TAIPEI (Reuters) – Taiwan will begin its COVID-19 vaccination programme on Monday using AstraZeneca Plc shots, its health minister said on Friday, with Premier Su Tseng-chang volunteering to be inoculated first to underscore confidence in its safety.
Taiwan’s first vaccines – 117,000 doses of the AstraZeneca shot – arrived on the island earlier this month from a South Korean factory.
Health Minister Chen Shih-chung told reporters that officials had now given the go-ahead for the shots to start being administered from Monday at 57 vaccination sites around the island.
Around 60,000 people are in line to get the first vaccinations and Taiwan is prioritising health workers to get the shots.
In December, Taiwan said it had agreed to buy almost 20 million vaccine doses, including 10 million from AstraZeneca.
More than a dozen European countries suspended use of the vaccine this week amid concerns about its safety, though the World Health Organization’s European director said on Thursday the benefits of the shot far outweigh any risks, and its widespread use resumed on Friday.
Chen said he would have “no problem” taking the shot himself, and Taiwan’s Premier Su said he would be happy to be inoculated first.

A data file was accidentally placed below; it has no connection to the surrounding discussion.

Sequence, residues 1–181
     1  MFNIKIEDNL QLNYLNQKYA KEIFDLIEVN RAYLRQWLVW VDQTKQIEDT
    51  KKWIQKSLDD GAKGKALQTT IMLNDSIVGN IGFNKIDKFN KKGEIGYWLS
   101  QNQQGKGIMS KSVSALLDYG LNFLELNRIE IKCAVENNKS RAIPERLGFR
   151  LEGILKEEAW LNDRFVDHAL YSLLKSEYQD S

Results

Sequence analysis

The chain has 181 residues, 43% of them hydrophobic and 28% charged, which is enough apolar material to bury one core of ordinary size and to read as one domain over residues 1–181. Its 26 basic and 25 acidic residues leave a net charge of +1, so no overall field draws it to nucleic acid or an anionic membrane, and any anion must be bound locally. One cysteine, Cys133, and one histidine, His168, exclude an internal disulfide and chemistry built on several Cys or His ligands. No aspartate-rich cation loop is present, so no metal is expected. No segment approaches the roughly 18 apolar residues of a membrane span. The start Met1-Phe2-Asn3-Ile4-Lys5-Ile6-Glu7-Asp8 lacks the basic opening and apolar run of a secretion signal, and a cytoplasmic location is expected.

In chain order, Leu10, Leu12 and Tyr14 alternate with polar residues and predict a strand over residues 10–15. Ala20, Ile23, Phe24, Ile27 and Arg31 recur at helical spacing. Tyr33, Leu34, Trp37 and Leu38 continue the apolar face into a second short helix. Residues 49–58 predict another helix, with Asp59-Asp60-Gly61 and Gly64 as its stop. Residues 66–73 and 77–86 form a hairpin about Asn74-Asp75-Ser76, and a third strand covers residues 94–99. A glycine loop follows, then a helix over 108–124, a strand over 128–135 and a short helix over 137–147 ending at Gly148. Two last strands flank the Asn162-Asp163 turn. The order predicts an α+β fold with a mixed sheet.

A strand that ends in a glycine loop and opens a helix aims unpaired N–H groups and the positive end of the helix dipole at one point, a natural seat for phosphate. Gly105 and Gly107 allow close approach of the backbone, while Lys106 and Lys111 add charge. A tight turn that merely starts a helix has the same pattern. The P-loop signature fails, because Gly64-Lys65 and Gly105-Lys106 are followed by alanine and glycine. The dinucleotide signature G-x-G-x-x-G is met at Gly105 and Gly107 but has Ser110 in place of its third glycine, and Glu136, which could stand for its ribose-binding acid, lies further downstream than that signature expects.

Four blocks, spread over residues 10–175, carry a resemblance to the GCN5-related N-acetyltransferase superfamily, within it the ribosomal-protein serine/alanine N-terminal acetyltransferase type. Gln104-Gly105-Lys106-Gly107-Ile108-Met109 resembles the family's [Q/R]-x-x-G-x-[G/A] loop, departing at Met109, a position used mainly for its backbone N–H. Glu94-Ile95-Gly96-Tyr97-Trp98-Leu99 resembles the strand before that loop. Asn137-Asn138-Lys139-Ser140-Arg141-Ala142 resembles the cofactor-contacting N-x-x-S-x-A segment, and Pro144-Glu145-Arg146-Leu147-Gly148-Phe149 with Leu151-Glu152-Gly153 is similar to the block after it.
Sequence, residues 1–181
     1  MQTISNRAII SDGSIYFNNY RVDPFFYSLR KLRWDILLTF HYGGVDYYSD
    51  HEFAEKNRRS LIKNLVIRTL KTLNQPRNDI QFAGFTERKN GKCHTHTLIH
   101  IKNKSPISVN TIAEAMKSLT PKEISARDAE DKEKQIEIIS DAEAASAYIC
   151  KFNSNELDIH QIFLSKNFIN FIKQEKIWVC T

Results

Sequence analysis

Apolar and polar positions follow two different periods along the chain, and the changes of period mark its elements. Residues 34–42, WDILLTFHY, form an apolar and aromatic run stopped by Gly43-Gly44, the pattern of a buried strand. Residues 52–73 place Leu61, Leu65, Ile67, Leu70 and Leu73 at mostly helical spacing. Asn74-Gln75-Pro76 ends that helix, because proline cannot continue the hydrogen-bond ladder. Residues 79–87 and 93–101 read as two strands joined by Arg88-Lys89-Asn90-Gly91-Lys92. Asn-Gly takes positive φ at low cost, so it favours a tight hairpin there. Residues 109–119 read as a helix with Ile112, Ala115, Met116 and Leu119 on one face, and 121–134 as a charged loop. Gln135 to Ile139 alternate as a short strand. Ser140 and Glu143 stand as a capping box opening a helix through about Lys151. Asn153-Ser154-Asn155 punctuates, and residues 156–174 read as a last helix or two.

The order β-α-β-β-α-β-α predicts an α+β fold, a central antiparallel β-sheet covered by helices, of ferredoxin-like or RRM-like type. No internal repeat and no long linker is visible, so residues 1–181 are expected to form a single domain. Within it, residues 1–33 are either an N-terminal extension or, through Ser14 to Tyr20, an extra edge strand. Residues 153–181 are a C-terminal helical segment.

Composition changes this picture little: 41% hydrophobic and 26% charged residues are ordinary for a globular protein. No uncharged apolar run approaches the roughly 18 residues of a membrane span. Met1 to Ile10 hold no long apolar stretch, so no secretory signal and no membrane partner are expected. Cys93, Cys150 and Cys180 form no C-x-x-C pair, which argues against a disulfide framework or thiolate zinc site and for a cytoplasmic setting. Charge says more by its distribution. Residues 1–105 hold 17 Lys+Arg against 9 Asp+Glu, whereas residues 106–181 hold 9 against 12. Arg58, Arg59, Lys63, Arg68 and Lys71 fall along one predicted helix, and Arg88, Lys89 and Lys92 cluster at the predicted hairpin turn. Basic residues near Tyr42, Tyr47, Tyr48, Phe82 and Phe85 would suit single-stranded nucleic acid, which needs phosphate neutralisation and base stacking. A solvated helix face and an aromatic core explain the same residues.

“Premier Su believes he should let people have more confidence in imported vaccines, so he expressed his willingness to take the lead in getting the AstraZeneca vaccine,” Su’s office said in a statement.
Arrangements are up to health authorities to decide, it added.
Taiwan’s government has played down concerns about the late start to the vaccination programme, saying that with such a low case rate there is not the urgency that exists in other countries where the pandemic remains rampant.
Only 35 people remain in hospital being treated for COVID-19 in Taiwan. The island has kept the pandemic well under control thanks to early and effective prevention, including largely closing its borders.
(Reporting by Ben Blanchard; Editing by Jan Harvey)